The genus dracaena belongs to the asparagus family (Asparagaceae), and it has roughly 40 species. The yellow edged variegata variety known as Song of India is the most often used cultivar. It’s fascinating to note that dracaena has a secondary thickening meristem (the tissue which helps plants grow). It may develop broad, substantial, and succulent roots thanks to its secondary meristem.

In addition to creating a stunning focal point in any space with its spectacular leaves and lovely color patterns, dracaena also helps to purify the air. Regularly wiping the leaves’ upper and lower surfaces with a damp cloth allows the plant to freely exchange air.

Growing dracaena indoors

Dracaena, sometimes known as the corn plant, is one of the houseplants about which the NYBG Plant Information Service receives the most inquiries. The ease of maintenance, tall, palm tree-like growth habit, and variety of eye-catching leaf forms of this houseplant may account for its appeal. These plants, which are of African origin, have a striking architectural influence in the home. The vibrantly striped, variegated, or even blotched leaves can be quite striking.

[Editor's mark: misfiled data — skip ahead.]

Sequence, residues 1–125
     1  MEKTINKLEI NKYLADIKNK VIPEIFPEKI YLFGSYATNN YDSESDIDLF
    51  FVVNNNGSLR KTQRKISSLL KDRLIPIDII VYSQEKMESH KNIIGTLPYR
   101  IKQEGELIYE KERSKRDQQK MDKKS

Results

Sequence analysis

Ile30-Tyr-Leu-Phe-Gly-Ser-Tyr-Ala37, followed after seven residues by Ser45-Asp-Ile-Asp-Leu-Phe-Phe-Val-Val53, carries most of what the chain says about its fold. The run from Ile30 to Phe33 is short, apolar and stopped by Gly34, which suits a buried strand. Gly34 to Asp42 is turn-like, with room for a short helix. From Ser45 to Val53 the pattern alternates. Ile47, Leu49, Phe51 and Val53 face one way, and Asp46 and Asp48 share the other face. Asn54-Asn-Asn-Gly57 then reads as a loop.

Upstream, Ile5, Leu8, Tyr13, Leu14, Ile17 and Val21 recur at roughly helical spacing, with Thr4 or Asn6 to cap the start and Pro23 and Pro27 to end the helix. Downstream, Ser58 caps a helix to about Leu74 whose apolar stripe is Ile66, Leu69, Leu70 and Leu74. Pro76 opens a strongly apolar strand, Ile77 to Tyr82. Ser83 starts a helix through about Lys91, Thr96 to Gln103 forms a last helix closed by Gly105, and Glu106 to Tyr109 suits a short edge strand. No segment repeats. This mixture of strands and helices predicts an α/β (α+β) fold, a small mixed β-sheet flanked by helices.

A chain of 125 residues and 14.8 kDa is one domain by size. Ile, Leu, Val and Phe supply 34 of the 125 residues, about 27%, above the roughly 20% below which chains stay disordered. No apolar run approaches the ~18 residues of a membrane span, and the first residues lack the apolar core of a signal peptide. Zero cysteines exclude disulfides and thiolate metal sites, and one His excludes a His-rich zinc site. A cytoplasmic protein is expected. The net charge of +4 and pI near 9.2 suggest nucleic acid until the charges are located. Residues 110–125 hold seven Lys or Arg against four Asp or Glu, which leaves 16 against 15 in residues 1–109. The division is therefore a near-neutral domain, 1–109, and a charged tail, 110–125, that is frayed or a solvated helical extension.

Dracaena marginata’s spikey leaves, which are occasionally mistaken for cordyline plants, are more tolerant to regular indoor circumstances than other dracaenas. If the growth is not controlled through pruning, it can grow to be 6 feet or more tall inside. As the plant becomes older, the lowest leaves naturally fall off, giving the adult D. marginata a palm tree-like look with a thin, elegantly scarred stem.

Dracaena fragrans, which gets its name from its fragrant blossoms that are rarely grown inside, can reach heights of 4 to 5 feet and spread out to a width of 2 feet. Compared to D. marginata, it appears larger and has wider leaves.

Dragon tree, also known as dracaena draco, can grow enormously in the wild, although it rarely grows taller than 4 feet and 2 feet broad indoors. If kept in proper light, the leathery leaves are 18 inches long, blue-gray, and have tiny crimson borders. While the leaves of the Dracaena draco are still young, they arch downward as they get older.

Dracaena goldieana is a lovely low-growing variety, but due to its sensitivity to temperature changes and requirement for high humidity, it may be challenging to grow this plant indoors. It tops out at around 1 foot high by 1 foot broad and has an upright stem. The vivid leaves have silvery gray crossing streaks and glossy green leaves with a yellowish midrib.